DOVER - The prosecutor in the case against a Lebanon man found guilty of raping a young Barrington girl said the man's conviction wouldn't have been possible if it weren't for the bravery of the victim who testified and the sacrifice of the jury who had to listen to "some very uncomfortable stuff."
"We're very happy for the victim and her family," Deputy County Attorney Tim Sullivan said on Thursday. "It's a long process, and people don't realize how difficult it is to go through an ordeal like this. This (the verdict) validates the young girl and her family."
|David Shaw testifies on Tuesday during his sex assault trial at Strafford County Superior Court in Dover.
David A Shaw, 48, formerly of Lower Guinea Road, Lebanon, Maine, was found guilty of two counts of aggravated felonious sexual assault for performing oral sex on the victim and having her perform oral sex on him, both punishable by 25 years to life in prison.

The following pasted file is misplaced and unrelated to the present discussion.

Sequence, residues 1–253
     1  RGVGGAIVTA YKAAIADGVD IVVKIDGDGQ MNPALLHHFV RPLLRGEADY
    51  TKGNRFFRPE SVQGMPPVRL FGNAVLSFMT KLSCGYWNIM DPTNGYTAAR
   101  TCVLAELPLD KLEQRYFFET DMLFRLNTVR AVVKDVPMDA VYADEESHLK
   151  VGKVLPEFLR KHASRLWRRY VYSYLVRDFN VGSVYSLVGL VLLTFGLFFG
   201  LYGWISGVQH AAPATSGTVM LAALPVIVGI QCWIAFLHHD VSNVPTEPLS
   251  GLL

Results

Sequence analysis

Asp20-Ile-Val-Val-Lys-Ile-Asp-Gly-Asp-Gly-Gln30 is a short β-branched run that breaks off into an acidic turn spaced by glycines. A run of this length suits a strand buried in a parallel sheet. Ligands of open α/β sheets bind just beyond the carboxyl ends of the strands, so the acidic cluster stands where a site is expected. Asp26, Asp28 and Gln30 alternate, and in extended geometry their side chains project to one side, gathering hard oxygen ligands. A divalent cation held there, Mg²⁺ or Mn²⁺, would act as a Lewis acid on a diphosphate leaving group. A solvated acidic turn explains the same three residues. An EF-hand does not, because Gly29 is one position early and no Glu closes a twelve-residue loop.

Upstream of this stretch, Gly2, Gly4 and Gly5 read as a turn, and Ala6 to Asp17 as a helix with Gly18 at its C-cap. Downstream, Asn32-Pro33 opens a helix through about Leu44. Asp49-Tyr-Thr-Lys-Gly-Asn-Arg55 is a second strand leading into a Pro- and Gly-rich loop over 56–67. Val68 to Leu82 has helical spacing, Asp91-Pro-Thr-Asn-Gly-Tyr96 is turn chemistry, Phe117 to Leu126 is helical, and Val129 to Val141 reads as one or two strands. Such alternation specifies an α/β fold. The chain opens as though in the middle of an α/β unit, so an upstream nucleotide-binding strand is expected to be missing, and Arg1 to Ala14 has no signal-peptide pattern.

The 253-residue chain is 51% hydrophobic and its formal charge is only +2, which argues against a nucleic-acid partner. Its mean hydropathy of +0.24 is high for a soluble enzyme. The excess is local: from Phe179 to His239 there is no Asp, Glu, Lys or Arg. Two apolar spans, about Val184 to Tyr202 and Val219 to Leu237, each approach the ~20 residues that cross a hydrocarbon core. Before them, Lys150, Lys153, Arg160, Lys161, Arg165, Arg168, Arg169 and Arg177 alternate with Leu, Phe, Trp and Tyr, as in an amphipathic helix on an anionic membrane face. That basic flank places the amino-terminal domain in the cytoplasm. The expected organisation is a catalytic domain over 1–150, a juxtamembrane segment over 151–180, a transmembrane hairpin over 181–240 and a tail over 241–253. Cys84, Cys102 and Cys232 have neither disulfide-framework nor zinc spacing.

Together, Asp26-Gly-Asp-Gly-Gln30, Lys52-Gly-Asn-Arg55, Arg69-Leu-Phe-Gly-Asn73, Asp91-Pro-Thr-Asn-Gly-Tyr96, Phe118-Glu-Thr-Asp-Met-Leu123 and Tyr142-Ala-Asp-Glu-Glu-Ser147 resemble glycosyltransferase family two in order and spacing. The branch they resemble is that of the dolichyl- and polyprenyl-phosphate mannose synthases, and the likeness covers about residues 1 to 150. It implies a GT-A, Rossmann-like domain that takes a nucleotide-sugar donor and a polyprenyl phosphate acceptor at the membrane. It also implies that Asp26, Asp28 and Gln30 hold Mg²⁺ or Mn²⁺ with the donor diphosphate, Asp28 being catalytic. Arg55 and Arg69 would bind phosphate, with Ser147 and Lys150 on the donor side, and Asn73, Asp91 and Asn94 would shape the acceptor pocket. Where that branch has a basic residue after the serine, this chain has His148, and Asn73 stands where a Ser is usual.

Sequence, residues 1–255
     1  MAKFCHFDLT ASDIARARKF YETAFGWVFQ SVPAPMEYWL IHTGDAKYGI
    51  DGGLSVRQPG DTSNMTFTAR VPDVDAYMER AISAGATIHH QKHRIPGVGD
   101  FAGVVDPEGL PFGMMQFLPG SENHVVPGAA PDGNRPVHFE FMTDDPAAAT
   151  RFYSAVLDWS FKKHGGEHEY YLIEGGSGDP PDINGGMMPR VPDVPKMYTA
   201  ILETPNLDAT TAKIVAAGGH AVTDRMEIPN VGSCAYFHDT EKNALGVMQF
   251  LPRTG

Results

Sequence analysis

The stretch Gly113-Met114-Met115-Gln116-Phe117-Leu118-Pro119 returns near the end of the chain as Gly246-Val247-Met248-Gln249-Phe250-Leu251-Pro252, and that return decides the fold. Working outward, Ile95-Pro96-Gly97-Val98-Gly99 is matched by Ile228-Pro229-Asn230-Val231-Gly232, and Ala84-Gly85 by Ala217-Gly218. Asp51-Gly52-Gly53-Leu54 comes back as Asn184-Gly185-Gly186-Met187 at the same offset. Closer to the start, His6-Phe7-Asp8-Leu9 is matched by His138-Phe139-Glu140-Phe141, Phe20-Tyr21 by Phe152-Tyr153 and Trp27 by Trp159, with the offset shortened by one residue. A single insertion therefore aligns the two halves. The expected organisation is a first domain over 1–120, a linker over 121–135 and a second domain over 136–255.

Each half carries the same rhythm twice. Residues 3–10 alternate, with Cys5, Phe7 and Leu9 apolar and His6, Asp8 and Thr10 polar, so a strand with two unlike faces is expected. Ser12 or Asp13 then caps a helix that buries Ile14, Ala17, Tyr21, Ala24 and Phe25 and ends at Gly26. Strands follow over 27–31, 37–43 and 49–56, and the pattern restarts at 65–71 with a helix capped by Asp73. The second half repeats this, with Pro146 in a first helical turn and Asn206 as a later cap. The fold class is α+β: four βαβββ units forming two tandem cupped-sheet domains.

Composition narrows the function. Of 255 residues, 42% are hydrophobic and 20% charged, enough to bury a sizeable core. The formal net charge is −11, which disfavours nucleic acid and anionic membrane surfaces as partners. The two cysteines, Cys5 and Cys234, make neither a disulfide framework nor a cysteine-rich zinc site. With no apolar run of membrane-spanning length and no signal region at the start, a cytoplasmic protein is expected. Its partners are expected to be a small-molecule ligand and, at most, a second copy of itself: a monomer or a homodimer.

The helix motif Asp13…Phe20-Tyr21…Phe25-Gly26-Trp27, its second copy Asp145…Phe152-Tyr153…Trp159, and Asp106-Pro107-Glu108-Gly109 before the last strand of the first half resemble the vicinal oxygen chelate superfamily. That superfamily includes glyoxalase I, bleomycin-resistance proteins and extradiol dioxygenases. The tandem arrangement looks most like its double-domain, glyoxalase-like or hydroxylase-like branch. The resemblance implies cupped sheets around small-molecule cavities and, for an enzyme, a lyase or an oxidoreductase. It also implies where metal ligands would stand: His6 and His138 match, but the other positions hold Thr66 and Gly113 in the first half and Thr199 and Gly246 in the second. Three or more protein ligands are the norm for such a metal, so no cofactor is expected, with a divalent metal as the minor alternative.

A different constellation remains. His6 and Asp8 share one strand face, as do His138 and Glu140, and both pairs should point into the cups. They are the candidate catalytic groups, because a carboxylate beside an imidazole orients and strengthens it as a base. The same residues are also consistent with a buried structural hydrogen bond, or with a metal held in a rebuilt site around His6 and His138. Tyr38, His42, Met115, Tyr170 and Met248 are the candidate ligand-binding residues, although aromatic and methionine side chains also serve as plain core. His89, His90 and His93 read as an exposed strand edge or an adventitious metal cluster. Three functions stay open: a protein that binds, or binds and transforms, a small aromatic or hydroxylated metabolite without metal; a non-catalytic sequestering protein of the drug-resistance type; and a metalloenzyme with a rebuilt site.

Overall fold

He was also found guilty of having the victim touch his penis, a felonious sex assault punishable by 10-30 years.
Shaw was first indicted in 2017 in connection with the assaults, which occurred between August 2015 and August 2016. The indictments were retooled and reissued late last year.
"It's been a long and difficult process for the family," Sullivan said.
He said, for him, one of the important takeaways from the trial was that everyone should be vigilant and aware that there are those who are capable of such despicable acts.
"Nobody wants to believe this is possible under their roof, but as long as there is someone who is vulnerable, it can happen," he said. "You have to pay attention to your kids."
The victim, who suffers from autism and was around the age of 8 at the time of the assaults, testified for an extended period of time during trial, but held her own while facing multiple lines of questioning from both the state and defense.
The Rochester Voice contacted the girl's mother, who said on Thursday she would have no comment at this time.
Meanwhile, Shaw will be back in court for sentencing on May 30.
During that hearing the prosecution and defense will explain their arguments for an appropriate sentence, and victim statements will also be read. Typically the judge then retires to chambers to deliberate before returning and pronouncing sentence.